The feedback reset circuit 26 illustratively includes inputs connected to the latch output to thus use the latch output signals L1-LN as feedback to control resetting of one or more latches that may be switched to an SEU-induced set state from the desired reset state. More particularly, the feedback reset circuit 26 also illustratively has outputs connected to the reset inputs of the latches 20 a-20 n for delivering the reset signals LR1-LRN.

Should the latches 20 a-20 n all be in the reset state, and an SEU cause one of the redundant set signals to go high in error, that latch would switch to the set state, but the erroneous output of that latch would not cause the overall output MV of the redundant latch circuit 15 to change. This is so because of the operation of the majority voting circuit 24. One or more subsequent SEUs could cause the other latches to erroneously change states thereby resulting in improper switching of the output. The feedback reset circuit 26 overcomes this potential difficulty.

The feedback reset circuit 26 also includes inputs for receiving redundant reset signals R1-RN. In the illustrated embodiment of the DC-to-DC converter 10 these reset signals R1-RN are generated by the error amplifier and drive logic circuit 13 and would be typically based upon maintaining a desired voltage supplied to the load 11. Of course, these redundant reset signals R1-RN could be generated by other circuitry as contemplated by the present invention. As will also be appreciated by those skilled in the art, the feedback reset circuit 26 also drives the reset inputs of the latches 20-20 n with the latch reset signals LR1-LRN also based upon the redundant reset signals R1-RN.

It will be appreciated by those skilled in the art that the redundant latch circuit 15 efficiently implements resistance to SEUs, and has many useful applications in larger electronic circuits, for example. Turning now to the more detailed logic circuit diagram of FIG. 2, a preferred embodiment of the redundant latch circuit 15′ is now described, and wherein only two latches 20 a′, 20 b′ are shown for clarity of explanation.

In the illustrated embodiment, the feedback reset circuit 31 a, 31 b illustratively includes an EXCLUSIVE OR logic gate 30 having inputs connected to the latch outputs to receive the latch output signals L1′, L2′. A respective reset logic circuit 31 a, 31 b is illustratively connected between the output of the EXCLUSIVE OR logic gate 30 and the respective latch reset inputs to deliver the respective latch reset signals LR1′, LR2′ to each latch 20 a′, 20 b′.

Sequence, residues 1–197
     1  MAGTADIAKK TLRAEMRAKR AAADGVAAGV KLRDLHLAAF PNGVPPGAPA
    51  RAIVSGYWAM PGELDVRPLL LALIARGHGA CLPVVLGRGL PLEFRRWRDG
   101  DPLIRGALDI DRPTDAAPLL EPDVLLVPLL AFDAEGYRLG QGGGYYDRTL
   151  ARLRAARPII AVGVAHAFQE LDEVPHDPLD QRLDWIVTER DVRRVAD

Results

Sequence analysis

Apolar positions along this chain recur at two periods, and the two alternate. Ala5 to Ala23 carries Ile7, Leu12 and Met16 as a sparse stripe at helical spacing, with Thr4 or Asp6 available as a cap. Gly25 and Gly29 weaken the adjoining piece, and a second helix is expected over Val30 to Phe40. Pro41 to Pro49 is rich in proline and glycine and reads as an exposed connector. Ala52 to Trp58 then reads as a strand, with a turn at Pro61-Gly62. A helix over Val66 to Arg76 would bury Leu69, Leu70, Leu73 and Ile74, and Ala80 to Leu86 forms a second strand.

Considering now only the upper reset logic circuit 31 a for clarity of explanation, the reset circuit generates a high latch reset signal LR1′ based upon the redundant reset signal R1′ and the output of the EXCLUSIVE OR gate 30 being at a high logic value, and while the redundant set signal S1′ is at a low logic value. The reset logic circuit 31 a includes an OR logic gate 33 a which has an input connected to the output of the EXCLUSIVE OR gate 30 and an input receiving the corresponding redundant reset signal R1′. The reset logic circuit 31 a also includes an INVERTER logic gate 35 a having an input receiving the respective redundant set signal S1′. The logic reset circuit 31 a also illustratively comprises an AND logic gate 36 a having inputs connected to the outputs of the OR logic gate 33 a and the INVERTER logic gate 35 a. The output of the AND logic gate 36 a is connected to the reset input of the respective latch 20 a to deliver the latch reset signal LR1′ thereto.

The lower reset logic circuit 31 b is similar and its gates are designated with b′s instead of a′s as for the reset circuit 31 a. Accordingly, the operation of the lower reset logic circuit 31 b needs no further discussion.

In the illustrated embodiment, the majority voting circuit is provided by an AND logic gate 37 having inputs connected to the latch outputs L1′, L2′. The output of the AND logic gate 37 defines the majority voting output MV′ of the redundant latch circuit 15′ as will be appreciated by those skilled in the art.